INFANT MATERNAL AND REPRODUCTIVE HEALTH
Reducing Maternal Depression and Its Impact on Young Children
Project Thrive Issue Brief No. 2
This policy brief provides an overview of why it is so important to address maternal depression as a central part of the effort to ensure that ALL young children enter school ready to succeed. To read the full text, please go to: http://www.nccp.org/publications/pdf/text_791.pdf [PDF; 261 kb]
Postpartum Depression Screening: Important, Methods, Barriers and, commendations for Practice
This review discusses the potential benefit of mass screening for improving postpartum depression recognition and outcomes. To read more, please go to: http://www.jabfm.org/cgi/content/full/20/3/280
Article Describes Development and Implementation of Tool to Screen for Psychosocial Risks
"The development and successful implementation of a multi-dimensional prenatal screening tool is one key step towards ultimately determining the relationship between specific risk factors and poor birth outcomes," state the authors of an article published in the February 2008 issue of the Journal of Health Care for the Poor and Underserved.
Harrison PA, Sidebottom AC. 2008. Systematic prenatal screening for psychosocial risks. Journal of Health Care for the Poor and Underserved 19(1):258-276. Abstract available at http://muse.jhu.edu/journals/journal_of_health_care_for_the_poor_and_underserved/v019/19.1harrison.html
Study Explores Effects of Crash characteristics and Maternal Restraint on Fetal Outcomes After Motor Vehicle Crashes
"This study shows that proper use of a belt restraint [during a motor vehicle crash] by a pregnant occupant has a significant positive effect on fetal outcome," state the authors of an article published in the April 2008 issue of the American Journal of Obstetrics and Gynecology. The public health problem of fetal loss and injury from maternal involvement in motor vehicle crashes is difficult to quantify. Reliable statistics on fetal loss resulting from automotive trauma are not available because maternal involvement in crashes has not been consistently recorded on fetal death certificates. In addition, the pregnancy status of women involved in crashes has been tracked in national databases only since 1995. The purpose of the study described in this report was to conduct in-depth investigations of motor-vehicle crashes involving pregnant occupants, with a focus on determining how restraint conditions and specific crash characteristics affect fetal outcome. http://www.mchlibrary.info/alert/2008/alert042508.html#4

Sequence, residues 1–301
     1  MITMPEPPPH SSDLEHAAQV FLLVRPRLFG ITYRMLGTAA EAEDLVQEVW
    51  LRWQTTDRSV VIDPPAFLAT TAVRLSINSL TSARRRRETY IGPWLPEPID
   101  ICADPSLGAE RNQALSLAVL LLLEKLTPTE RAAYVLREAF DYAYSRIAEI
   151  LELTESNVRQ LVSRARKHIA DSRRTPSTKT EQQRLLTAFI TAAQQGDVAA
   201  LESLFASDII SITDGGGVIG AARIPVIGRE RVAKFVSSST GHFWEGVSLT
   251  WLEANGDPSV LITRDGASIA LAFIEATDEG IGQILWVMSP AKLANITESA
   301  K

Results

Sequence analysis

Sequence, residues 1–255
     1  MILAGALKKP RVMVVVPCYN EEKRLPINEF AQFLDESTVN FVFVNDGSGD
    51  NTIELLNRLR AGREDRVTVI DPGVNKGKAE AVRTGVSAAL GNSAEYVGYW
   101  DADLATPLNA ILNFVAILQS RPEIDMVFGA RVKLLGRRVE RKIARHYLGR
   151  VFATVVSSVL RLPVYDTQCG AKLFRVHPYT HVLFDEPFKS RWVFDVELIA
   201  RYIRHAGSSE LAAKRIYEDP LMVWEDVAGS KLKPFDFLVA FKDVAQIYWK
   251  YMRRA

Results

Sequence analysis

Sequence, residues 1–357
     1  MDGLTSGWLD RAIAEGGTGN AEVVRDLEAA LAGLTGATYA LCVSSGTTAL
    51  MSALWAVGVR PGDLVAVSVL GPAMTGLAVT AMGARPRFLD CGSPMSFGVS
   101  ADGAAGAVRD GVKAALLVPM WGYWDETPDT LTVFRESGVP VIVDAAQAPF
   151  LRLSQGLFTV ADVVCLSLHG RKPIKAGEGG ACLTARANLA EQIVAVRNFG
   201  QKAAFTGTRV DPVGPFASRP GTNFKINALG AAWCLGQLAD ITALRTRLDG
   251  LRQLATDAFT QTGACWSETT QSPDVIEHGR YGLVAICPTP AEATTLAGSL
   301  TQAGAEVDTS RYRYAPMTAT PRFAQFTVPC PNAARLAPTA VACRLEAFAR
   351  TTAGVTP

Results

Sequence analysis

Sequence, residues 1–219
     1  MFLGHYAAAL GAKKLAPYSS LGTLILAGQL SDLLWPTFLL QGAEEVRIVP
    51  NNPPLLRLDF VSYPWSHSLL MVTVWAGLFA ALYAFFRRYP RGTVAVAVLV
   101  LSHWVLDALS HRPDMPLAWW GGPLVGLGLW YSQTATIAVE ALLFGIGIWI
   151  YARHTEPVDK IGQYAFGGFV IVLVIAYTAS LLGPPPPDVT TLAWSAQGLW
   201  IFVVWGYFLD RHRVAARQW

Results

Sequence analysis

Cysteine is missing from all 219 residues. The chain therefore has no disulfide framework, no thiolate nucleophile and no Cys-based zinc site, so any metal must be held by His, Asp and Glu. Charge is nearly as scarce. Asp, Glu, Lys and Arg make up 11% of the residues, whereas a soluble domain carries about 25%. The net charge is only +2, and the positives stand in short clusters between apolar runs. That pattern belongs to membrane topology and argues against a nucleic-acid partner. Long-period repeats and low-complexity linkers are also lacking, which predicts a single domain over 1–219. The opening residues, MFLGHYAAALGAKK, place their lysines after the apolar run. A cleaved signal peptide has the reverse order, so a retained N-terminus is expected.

Review Examines Screening for Bacterial Vaginosis in Pregnancy
"New treatment trial data pooled with 2001 report data showed no benefit to screening and treating women who are asymptomatic for bacterial vaginosis if they had a low or average risk for preterm delivery for the outcomes of delivery before 37, 34, or 32 weeks; preterm, premature rupture of membranes; or low birth weight," state the authors of an article published in the February 5, 2008, issue of the Annals of Internal Medicine. Preterm birth rates have increased in the past decade, and strong epidemiologic evidence has suggested an association between bacterial vaginosis and preterm birth. After decades of research and with heightened awareness of measuring potential adverse effects of medications, evidence is emerging that the drug being used to treat bacterial vaginosis may, at some doses and for some populations, be triggering adverse pregnancy outcomes. At the same time, evidence suggests that inherent differences in populations, such as previous pregnancy complications, gestational age, ethnicity, or co-infection, may also influence which women are helped or harmed by screening and treatment for bacterial vaginosis. This review was conducted for the U.S. Preventive Services Task Force (USPSTF) to update its 2001 recommendations by examining the evidence on the value of screening for and treating bacterial vaginosis in reducing adverse pregnancy outcomes for asymptomatic women at low, average, and high risk for preterm delivery. http://www.mchlibrary.info/alert/2008/alert022908.html#1